Scars are not injuries, Tanner Sack. A scar is a healing. After injury, a scar is what makes you whole.
The Scar lives up to its title. Everything and everyone at the core of this story is at a different stage of healing. Whether they have physical wounds, broken emotional bonds or tears in the world itself, everything will eventually leave a scar. Mieville has managed to craft a follow-up to Perdido Street Station which touches on deeper themes of loneliness and belonging. And pirates. Where Perdido Street Station was an introduction to the city of New Crobuzon, The Scar is far more wide-ranging; leaving New Crobuzon for climates new, and to places altogether much stranger than the city it leaves behind.
Bellis Coldwine is the central protagonist of The Scar. Continuing the theme of unorthodox central protagonists from Perdido Street Station, Bellis is a linguist. She’s named aptly; cold, mostly humourless and consistently conflicted by her own decisions. The novel begins in New Crobuzon, but Bellis quickly leaves, believing herself to be in danger from the militia. (In a nice nod to the events of Perdido Street Station) She finds herself a job onboard a naval ship as a translator; a ship which has a cargo of more than just trade goods. But this is all just set-up for the real storyline. When Bellis’ ship is taken by pirates and press-ganged into the floating city of ships known as Armada, she finds herself much further from home than she ever wished to be. And the rulers of Armada have bigger plans than anyone could possibly imagine – leading them to the greatest beast in the seas and the source of unimaginable power.
The Scar is a little shorter than Perdido Street Station, but still comes in at a hefty length. However, Mieville has managed to hone his talents between the two novels to create a book which moves along at a near perfect pace, from set-piece to set-piece. Where Perdido Street Station was a little flabby in its first quarter and to some extent in its last quarter, The Scar always moves briskly, and yet always allows the characters and setting room to breathe. On top of that, the plot is an absolute stunner – each individual part building to a huge climax and then starting all over again, but building on what’s come before.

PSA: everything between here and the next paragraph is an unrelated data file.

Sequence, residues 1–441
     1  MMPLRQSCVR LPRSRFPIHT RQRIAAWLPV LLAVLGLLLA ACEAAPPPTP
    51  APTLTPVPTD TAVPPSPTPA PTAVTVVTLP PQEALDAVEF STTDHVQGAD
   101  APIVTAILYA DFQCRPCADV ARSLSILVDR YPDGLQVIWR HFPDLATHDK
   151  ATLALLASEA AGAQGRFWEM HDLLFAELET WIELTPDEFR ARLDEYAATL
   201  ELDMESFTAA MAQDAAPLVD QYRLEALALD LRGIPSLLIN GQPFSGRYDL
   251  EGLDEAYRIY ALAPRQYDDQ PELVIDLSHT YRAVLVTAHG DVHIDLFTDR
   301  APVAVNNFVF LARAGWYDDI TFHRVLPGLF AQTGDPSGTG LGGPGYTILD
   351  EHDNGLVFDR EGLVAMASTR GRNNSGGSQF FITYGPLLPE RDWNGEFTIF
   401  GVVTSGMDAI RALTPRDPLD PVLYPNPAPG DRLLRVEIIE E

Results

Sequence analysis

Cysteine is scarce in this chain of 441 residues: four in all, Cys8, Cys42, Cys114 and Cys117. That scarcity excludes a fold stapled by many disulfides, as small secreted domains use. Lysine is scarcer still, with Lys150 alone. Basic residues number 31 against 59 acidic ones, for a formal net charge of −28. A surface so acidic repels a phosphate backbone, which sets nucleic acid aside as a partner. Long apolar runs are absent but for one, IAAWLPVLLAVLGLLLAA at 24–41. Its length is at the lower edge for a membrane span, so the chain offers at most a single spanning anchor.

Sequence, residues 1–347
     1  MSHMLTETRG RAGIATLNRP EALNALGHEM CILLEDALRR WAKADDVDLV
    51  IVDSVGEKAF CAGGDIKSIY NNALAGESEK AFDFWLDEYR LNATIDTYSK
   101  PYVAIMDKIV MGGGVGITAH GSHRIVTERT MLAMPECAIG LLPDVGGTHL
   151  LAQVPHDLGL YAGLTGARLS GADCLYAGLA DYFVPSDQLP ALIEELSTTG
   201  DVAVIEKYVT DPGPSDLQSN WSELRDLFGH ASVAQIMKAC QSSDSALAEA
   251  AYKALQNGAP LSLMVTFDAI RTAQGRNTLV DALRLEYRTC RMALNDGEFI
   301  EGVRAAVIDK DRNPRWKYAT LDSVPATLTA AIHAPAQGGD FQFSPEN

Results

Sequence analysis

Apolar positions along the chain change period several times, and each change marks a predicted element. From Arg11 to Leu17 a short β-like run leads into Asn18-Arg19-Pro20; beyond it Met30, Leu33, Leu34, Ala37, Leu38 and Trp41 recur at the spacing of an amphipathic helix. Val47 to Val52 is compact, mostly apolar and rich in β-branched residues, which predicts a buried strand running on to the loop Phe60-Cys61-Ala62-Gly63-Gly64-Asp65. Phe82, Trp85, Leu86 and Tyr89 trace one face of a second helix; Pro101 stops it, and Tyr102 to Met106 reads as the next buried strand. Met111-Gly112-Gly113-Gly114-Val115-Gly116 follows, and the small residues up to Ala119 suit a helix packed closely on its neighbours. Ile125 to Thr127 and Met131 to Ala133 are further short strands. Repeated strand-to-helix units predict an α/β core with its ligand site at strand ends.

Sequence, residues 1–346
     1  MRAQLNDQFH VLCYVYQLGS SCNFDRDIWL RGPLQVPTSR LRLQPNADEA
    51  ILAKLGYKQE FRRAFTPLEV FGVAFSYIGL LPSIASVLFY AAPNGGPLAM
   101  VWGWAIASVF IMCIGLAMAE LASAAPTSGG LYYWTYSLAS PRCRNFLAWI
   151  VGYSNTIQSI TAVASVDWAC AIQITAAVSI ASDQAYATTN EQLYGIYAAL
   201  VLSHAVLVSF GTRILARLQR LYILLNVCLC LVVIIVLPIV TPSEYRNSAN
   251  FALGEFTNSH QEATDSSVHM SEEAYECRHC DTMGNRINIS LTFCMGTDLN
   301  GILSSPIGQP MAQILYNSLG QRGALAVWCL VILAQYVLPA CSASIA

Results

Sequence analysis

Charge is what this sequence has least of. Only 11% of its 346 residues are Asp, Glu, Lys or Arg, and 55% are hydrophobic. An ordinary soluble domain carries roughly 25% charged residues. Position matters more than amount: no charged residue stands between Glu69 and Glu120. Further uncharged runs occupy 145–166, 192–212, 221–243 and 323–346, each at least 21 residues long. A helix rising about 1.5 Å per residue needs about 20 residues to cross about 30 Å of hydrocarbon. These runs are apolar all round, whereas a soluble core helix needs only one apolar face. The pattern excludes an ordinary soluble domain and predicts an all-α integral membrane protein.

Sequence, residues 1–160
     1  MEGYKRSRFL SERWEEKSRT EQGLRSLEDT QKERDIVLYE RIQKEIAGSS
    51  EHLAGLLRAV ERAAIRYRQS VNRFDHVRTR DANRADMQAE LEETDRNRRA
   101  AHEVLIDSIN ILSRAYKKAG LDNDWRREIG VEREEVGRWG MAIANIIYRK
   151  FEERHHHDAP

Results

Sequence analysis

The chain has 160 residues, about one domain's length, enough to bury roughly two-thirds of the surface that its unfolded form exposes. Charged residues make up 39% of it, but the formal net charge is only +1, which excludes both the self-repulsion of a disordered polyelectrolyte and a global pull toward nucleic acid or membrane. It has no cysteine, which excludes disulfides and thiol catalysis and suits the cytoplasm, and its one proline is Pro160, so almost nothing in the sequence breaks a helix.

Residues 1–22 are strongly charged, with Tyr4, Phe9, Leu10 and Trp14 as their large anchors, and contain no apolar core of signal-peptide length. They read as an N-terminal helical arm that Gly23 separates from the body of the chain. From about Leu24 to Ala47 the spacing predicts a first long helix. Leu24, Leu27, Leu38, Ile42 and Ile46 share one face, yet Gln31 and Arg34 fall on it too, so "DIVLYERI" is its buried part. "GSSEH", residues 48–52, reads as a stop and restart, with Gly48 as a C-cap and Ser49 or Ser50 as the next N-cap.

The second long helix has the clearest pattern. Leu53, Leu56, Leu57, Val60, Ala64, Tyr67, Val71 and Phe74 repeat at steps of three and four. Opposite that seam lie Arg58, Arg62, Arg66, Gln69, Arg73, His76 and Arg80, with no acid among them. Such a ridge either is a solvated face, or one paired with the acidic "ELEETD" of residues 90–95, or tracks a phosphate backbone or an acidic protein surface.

In terms of imagination, Mieville is completely unleashed here. Perdido Street Station was layered with atmosphere and some very original ideas, but The Scar just goes one step further. New Crobuzon was a living city – you could feel every layer of grime seep into you as you read it. But Armada, the main setting for The Scar, could not be more different. I’ve never seen anything like it before. A floating city, made up of press-ganged ships from centuries of pillage, it is an incredible idea and expertly described by Mieville – and yet never to the point of overdoing it. The setting is there to tell part of the story – it’s just an incredible thing to behold on top of that.
Another area where Mieville improves on from Perdido Street Station is his cast of characters. As entertaining as they were in Perdido, only two or three had any real level of depth. The others felt like side-characters. Here, though, even the minor characters feel well-realised and important to the progression of the story. Whether it’s the reMade marine engineer, Tanner Sack, the effective rulers of Armada, The Lovers or the particularly awe-inspiring Uther Doul and his possibility sword, they all feel like they could live beyond the pages.
With The Scar, China Mieville has managed to build on the success of Perdido Street Station to create a novel which expands the world of Bas-Lag and tells a much more thematically cohesive story. You could read it with no prior knowledge of Perdido Street Station quite easily – some may even recommend you do so. But I think you’d miss out on the joy of having read that foundation which Mieville built in the last book. Where Perdido Street Station was essentially a very clever monster hunt, The Scar is a tale of just that: scars. The scars of relationships old and new. The scars of flesh, memory and emotion. The scars from political, personal and social wounds created in the previous Bas-Lag novel. And the scars of the very earth itself. It’s a seriously accomplished novel, and the best I’ve read from Mieville yet.